Central American shrimp, lobster fast disappearing

March 12, 2010
A young lobster. Illegal fishing and climate change are decimating shrimp and lobster populations in Central America, threatening a two-billion-dollar industry and 136,000 jobs, regional experts said Thursday.

Illegal fishing and climate change are decimating shrimp and lobster populations in Central America, threatening a two-billion-dollar industry and 136,000 jobs, regional experts said Thursday.

"Pollution and warmer waters are impacting our species," especially and , said Central American Organization of the Fisheries and Aquaculture Sectors (OSPESCA) regional director Mario Gonzalez.

"The Pacific shrimp population, Panama excluded, has fallen dramatically" because of overexploitation and decreasing rainfall in Central America over the past decade, "which depletes the nutrients they feed on," the expert said.

The lobster population is also in jeopardy of disappearing altogether, he added.

Illegal fishing is also taking its toll, Gonzalez said.

"Of the total amount delivered to processing plants, approximately 20 to 30 percent is illegal or undersized," said the OSPESCA official.

Underreported catches compound the problem, Gonzalez said.

"You can say that in Central America 50 percent of our (fishing) production goes undeclared or not reported, not only by private fishermen but also by large fisheries," the expert said.

The dire situation has been brought to the attention of regional governments.

"There's a regional policy (on fishing), but it's just included in documents which have to be turned into action in order to better manage our ," OSPESCA interim president Diana Arauz told AFP.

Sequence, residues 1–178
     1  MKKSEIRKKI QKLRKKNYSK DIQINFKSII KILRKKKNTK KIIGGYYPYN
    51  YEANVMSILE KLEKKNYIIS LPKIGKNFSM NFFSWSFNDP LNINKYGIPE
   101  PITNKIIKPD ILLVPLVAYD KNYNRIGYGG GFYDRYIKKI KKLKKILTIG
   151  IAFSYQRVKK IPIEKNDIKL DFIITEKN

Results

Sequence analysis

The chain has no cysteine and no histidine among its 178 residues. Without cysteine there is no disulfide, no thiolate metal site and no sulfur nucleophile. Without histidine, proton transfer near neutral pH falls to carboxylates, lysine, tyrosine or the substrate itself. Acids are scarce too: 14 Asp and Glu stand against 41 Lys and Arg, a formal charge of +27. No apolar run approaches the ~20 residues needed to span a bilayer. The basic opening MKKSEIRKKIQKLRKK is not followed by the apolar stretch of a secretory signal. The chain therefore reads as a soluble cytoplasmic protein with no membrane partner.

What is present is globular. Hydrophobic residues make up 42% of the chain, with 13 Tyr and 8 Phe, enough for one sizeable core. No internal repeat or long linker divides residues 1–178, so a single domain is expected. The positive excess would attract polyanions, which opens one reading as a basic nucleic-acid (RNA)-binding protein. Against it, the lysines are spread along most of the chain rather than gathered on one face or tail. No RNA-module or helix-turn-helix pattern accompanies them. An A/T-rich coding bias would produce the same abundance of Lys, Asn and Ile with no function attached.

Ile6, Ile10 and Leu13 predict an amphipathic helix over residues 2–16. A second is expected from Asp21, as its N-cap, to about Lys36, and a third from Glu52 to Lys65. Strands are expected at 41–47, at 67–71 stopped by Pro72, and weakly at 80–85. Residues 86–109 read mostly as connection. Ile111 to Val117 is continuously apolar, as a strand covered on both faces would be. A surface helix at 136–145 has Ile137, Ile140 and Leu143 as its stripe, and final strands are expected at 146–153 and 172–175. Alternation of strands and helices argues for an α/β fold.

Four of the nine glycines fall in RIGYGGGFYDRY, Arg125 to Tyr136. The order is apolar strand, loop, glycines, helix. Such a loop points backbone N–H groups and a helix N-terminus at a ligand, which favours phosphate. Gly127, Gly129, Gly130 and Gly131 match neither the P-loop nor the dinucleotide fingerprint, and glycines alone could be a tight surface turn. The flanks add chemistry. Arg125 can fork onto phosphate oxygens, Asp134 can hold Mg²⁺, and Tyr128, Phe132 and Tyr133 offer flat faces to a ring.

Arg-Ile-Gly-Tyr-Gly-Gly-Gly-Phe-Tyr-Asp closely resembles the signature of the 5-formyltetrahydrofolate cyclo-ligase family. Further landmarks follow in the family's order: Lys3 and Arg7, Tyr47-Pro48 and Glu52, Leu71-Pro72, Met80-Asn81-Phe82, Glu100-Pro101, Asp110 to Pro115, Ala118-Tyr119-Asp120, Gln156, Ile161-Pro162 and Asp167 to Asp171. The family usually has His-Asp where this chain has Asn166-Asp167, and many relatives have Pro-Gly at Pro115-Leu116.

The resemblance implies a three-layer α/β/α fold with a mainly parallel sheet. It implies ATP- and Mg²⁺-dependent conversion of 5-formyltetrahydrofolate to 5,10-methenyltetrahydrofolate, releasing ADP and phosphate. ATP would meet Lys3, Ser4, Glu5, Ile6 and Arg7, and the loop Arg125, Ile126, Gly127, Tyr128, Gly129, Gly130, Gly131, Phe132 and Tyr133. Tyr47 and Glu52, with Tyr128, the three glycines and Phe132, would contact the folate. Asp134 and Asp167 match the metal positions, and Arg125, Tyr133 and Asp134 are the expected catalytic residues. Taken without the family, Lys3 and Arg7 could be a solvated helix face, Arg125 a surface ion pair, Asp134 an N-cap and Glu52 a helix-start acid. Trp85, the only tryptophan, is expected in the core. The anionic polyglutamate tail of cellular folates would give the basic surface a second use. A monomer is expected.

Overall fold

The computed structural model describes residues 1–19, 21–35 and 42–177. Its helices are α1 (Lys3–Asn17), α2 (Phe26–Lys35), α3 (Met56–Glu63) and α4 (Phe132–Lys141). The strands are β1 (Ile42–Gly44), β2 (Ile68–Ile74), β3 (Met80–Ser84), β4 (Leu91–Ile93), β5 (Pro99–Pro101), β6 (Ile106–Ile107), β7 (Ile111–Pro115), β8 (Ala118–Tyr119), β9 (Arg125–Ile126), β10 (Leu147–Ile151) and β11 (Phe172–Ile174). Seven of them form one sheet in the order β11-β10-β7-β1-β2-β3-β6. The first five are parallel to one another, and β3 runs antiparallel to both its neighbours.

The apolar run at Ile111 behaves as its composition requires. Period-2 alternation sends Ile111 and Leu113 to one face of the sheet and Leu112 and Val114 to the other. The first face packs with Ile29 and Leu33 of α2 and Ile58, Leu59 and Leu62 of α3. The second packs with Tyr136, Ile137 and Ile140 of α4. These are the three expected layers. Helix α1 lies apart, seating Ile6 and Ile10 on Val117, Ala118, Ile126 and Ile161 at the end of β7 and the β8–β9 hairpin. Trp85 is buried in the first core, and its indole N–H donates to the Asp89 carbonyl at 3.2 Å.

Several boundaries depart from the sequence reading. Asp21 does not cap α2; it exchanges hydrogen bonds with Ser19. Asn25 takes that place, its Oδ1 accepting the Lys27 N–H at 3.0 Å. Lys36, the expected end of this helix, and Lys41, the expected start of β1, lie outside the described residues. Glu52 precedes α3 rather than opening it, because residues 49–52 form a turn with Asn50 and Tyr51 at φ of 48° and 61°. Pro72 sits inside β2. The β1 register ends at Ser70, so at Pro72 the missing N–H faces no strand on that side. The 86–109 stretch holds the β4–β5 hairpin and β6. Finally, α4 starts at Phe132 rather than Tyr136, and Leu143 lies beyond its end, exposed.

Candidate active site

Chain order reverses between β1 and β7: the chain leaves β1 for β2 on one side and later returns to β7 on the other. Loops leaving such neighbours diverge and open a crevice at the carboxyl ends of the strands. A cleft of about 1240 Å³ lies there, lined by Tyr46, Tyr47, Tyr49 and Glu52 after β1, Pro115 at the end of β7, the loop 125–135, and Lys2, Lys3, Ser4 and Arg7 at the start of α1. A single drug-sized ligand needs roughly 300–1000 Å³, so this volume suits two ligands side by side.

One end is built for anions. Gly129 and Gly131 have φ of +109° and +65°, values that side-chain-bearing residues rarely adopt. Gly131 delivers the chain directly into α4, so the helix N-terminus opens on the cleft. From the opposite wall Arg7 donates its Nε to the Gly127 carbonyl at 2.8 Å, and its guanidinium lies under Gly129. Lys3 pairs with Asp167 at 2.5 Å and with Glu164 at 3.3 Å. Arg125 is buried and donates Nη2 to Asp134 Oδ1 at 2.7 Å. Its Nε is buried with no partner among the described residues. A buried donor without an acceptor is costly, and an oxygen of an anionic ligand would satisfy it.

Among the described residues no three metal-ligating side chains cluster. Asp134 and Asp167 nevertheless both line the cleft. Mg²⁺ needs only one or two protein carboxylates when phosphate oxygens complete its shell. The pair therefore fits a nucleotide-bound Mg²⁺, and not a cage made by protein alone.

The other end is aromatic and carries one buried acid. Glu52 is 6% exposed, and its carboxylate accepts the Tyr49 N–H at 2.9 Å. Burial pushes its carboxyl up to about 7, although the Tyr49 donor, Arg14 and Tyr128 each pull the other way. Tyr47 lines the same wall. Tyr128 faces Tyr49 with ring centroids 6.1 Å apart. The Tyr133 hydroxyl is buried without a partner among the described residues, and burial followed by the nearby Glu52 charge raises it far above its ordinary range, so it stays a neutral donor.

As a first step, officials said, Central American Integration System members -- El Salvador, Honduras, Nicaragua, Guatemala, Costa Rica and Panama -- have recently banned lobster fishing from March 1 to June 30 in hopes the species can make a comeback.

Lobster and shrimp fishing in Central America employs some 136,000 people and brings in 1.985 billion dollars a year -- 4.1 percent of the regional gross domestic product, OSPESCA and the UN Food and Agriculture Organization said in a report.

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joefarah
1 / 5 (2) Mar 12, 2010
Please specify what percentage is due to CC and what due to overfishing. Otherwise, leave CC out of this as it is not a factor.
Glyndwr
5 / 5 (1) Mar 12, 2010
Will the fishing industry ever learn about sustainability........
Caliban
1 / 5 (1) Mar 12, 2010
Hey joefarah,
Last I checked, declining regional rainfall is, indeed, an effect of climate change.
Since, as is stated in the article, nutrient runoff is necessary for the sustenance of the shrimp, especially- then climate change is most definitely a factor.

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